Episodes

Episode 15: The Sharp Sting of Dissonance

Episode 15: The Sharp Sting of Dissonance

Your 20-something-year-old son decides to buy a car without your help and you come to find out that he got ripped off. He tells you the story of what happened and you cannot believe it. Apparently, your son agreed to buy a car off Craigslist, gave your home address to a stranger, and thought nothing of the request to pay in cash, even when the seller showed up with a car that looked nothing like the one in the online ad. When you point out these red flags to your son, all he does is get mad and come up with reasons of self-justification, which makes you furious. Our guest, Dr. Carol Tavris, will say that, in fact, your son is just a victim of his brain’s own deception. Find out about the perils of cognitive dissonance and why we find it hard to accept our own mistakes.

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Episode 14: Demystifying the Bi-Polar Ape

Episode 14: Demystifying the Bi-Polar Ape

On a daily basis we direct our attention, guide our instincts, and move from making micro to macro decisions feeling that we are fully in control of our inner machinery called the brain. While exploring the nature and development of Executive Function skills and its impact on learning and self-awareness, one can’t help but notice that many of us are unaware of ‘why we do what we do’. Today on the podcast, a world-renowned primatologist and celebrated author, Professor Fran de Waal, brings a perspective that we are not so different from the animals and the Interconnectedness between the good, the bad, and the ugly tendencies that form the true human nature are quite closely related to our animal counterparts.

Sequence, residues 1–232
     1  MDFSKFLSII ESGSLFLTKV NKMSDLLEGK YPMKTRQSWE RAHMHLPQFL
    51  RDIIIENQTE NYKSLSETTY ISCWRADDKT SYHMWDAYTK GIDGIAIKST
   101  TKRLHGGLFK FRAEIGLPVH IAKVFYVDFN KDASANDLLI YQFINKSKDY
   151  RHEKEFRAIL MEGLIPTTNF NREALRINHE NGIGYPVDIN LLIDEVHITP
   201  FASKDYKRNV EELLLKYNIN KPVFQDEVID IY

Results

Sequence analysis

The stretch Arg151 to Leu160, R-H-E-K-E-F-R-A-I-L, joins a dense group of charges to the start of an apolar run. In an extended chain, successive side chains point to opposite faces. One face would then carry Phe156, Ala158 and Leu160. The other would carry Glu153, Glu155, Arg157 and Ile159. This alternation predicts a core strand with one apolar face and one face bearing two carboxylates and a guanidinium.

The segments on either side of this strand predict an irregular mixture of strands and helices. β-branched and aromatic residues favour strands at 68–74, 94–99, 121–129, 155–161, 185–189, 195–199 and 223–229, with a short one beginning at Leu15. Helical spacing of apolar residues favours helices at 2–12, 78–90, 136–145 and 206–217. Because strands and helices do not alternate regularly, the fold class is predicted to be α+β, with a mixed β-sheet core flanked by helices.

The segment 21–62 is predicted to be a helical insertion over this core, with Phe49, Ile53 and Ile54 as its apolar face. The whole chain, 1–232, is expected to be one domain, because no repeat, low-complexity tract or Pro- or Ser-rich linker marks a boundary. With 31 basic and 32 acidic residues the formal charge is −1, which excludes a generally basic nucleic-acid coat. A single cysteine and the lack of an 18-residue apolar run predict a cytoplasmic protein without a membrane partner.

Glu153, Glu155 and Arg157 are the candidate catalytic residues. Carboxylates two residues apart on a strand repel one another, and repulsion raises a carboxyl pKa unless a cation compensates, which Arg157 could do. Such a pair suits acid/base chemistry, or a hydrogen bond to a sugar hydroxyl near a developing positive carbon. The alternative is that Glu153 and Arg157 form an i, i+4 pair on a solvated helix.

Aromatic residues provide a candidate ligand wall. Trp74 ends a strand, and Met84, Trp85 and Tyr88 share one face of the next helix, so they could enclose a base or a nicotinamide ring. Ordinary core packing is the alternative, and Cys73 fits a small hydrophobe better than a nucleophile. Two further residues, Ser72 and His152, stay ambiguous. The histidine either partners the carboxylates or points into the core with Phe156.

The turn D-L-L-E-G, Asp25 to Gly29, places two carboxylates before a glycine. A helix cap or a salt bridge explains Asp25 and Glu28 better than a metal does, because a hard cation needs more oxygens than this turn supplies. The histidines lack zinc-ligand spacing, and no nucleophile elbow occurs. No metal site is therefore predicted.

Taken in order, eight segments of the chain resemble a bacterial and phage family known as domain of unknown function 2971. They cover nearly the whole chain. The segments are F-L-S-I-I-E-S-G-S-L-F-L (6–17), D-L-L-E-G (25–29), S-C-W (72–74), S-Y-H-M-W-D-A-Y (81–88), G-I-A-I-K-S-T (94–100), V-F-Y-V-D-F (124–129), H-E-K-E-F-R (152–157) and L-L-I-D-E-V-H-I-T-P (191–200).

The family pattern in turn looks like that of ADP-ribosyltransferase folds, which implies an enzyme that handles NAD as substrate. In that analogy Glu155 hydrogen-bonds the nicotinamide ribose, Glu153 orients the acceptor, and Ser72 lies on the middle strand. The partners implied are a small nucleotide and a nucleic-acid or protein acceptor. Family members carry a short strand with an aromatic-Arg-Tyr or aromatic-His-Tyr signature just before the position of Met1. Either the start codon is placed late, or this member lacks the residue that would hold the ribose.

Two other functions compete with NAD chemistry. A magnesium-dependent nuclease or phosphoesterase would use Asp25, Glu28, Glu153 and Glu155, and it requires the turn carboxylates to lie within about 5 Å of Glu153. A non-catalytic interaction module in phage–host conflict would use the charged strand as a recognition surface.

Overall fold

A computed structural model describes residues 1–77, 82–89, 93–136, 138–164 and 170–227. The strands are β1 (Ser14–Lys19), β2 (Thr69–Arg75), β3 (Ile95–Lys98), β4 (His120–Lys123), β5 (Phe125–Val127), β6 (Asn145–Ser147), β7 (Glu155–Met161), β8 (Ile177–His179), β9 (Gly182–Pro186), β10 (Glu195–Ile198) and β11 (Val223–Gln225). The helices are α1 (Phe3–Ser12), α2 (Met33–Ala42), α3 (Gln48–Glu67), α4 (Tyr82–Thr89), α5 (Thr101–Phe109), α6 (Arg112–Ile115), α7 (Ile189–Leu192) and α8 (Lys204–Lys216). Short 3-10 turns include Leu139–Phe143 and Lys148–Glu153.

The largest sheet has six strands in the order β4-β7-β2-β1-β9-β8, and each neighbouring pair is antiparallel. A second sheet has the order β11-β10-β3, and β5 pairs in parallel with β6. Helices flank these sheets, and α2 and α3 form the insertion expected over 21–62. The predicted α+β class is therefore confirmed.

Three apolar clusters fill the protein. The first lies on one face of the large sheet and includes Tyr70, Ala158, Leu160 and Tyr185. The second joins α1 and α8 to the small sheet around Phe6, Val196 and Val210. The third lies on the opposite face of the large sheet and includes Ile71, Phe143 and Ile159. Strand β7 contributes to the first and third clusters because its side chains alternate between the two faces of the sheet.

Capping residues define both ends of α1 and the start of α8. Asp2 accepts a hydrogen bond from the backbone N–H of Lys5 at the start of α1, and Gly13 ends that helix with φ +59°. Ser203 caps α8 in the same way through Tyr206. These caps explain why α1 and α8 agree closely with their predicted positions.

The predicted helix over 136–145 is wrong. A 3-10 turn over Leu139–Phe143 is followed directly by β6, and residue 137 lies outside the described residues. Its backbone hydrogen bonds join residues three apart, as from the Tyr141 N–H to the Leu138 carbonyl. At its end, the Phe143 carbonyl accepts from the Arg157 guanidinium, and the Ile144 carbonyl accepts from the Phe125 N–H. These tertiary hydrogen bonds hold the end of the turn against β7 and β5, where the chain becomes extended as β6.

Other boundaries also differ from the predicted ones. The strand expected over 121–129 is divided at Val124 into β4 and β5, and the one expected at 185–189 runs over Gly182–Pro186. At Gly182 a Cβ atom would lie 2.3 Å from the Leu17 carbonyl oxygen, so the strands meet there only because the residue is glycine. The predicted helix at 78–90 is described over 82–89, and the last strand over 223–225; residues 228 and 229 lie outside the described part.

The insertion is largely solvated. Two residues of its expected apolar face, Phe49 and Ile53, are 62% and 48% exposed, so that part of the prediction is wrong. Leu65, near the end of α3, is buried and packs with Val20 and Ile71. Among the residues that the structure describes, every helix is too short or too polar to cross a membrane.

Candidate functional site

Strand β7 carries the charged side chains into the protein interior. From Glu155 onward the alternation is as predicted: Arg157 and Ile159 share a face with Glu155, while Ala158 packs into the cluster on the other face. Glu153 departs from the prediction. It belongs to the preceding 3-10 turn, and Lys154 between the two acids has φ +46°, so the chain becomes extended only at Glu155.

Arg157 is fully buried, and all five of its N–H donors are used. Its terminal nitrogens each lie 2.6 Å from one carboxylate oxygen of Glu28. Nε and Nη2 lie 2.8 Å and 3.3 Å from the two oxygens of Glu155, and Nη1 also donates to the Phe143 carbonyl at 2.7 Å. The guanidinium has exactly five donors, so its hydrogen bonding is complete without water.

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Episode 13: From Pimples to Projects: Taking Charge of HOW to Learn

Episode 13: From Pimples to Projects: Taking Charge of HOW to Learn

Pre-teen years are a breeding ground for pimples, mood swings, eye-rolls, and social awkwardness. But that’s not the only stuff these kids have to adjust to. There is a remarkable shift in academic demands that’s far out and equally daunting. During the Middle School years, kids have to actually learn how to study for tests, independently write papers by elaborating on ideas, and manage their priorities to put together projects. The system assumes that somehow these kids will learn to swim just because we have thrown them into the water of self-management. Today, Lynn Meltzer, Ph.D., returns for the second time to discuss ways to teach these essential and intricate skills that go into managing goals and priorities to help support the development of Executive Function skills.

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Episode 12: Project “Run-Away”

Episode 12: Project “Run-Away”